Discussion Topic for Session 2: Post an article that is about an recent astronomical discovery (in the past couple of years). This can be about the discovery of a planet or moon, or a theory that changes the way astronomers think about an important problem.
General Information about Discussions: The purpose of the discussions is to keep up to date with recent discoveries and also to engage you in rich, scientific discussion. Each session you are asked to post an article from the Internet and to lead a discussion about the content of the article with a group of your classmates. Discussions are an important part of the course and thus are worth 33% of your grade. They are live during each session and can not be made up later.
For each session you should:
- Post a scientifically-valid article on the session’s topic with its URL and a 1-3 paragraph summary of the article for your groupmates. Do this well before the Deadline 1 (see top of page). You must post a unique article that no one has posted yet in the group.
- For the rest of the session, you should read others’ articles and ask questions as well as respond to questions people ask about your article. discuss the articles in your groups with your groupmates. On your own article you should respond to people’s questions by doing deeper research using other valid scientific articles to provide evidence.
A total of at least seven substantive posts per session is required for top marks. A substantive post will show that you read the article, add new information to the conversation, and promote the scientific, evidence-based reasoning. Non-substantive posts (e.g. “Wow – great post!”, “I agree”, “oops -forgot the link”) do not count towards the seven required. Posts must also be distributed throughout the session.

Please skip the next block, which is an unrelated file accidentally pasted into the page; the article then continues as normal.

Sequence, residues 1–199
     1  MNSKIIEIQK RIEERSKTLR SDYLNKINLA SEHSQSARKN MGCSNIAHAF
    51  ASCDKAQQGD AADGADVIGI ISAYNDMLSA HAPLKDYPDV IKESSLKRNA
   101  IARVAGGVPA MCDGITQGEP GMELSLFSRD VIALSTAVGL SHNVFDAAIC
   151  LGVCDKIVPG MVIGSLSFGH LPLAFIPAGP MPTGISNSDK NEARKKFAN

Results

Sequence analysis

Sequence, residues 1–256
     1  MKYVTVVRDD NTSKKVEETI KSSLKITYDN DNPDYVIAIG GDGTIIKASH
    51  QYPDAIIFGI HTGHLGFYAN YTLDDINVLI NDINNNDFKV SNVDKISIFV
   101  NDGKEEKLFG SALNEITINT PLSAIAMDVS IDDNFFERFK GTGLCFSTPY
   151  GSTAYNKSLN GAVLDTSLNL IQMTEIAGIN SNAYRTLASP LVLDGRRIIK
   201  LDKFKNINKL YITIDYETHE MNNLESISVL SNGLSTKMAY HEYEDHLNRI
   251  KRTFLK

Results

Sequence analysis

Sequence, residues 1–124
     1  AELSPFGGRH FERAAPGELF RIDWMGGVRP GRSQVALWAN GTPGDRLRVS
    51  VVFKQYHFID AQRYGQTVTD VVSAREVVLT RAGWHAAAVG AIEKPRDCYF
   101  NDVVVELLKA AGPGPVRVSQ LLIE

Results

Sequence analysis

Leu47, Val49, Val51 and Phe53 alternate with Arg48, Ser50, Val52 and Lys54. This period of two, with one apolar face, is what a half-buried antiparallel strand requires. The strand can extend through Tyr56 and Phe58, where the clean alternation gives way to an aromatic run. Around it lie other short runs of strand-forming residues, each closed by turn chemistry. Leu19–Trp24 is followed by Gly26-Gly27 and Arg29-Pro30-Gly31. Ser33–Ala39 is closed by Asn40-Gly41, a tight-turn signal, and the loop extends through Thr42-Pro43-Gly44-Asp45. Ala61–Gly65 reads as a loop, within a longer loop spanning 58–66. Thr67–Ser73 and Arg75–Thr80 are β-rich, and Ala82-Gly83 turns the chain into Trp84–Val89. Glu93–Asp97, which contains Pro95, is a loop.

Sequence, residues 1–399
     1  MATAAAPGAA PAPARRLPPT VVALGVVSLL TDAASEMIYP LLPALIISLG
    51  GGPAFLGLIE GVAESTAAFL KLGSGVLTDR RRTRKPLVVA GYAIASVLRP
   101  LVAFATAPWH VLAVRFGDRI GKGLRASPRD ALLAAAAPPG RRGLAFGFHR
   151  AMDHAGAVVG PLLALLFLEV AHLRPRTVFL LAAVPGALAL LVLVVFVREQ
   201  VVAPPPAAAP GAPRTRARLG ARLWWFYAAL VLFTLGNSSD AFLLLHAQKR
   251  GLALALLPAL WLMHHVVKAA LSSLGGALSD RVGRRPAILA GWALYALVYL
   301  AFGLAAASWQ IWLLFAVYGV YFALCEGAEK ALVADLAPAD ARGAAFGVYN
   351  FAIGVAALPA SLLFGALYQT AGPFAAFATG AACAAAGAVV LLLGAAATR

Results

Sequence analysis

Discussions are graded for five sessions (sessions 2-6) so each session’s discussion is worth about 7.5 points out of your total grade. They are marked out of 10 points. About 1 point is lost for each missing or late post (articles posted after the first deadline). Up to 2 points are taken off for discussions that only include posts from right before the deadlines. Up to 3 points are taken off for bogus articles from non-scientific sites. Discussions are not given any credit after the second deadline.
The success of discussions relies on solid scientific information. This means avoiding propoganda or “alternate facts”. Here, again, are some sites that advise how to ensure the validity of information on the Internet:
Specific websites you may want to use for searching for articles include: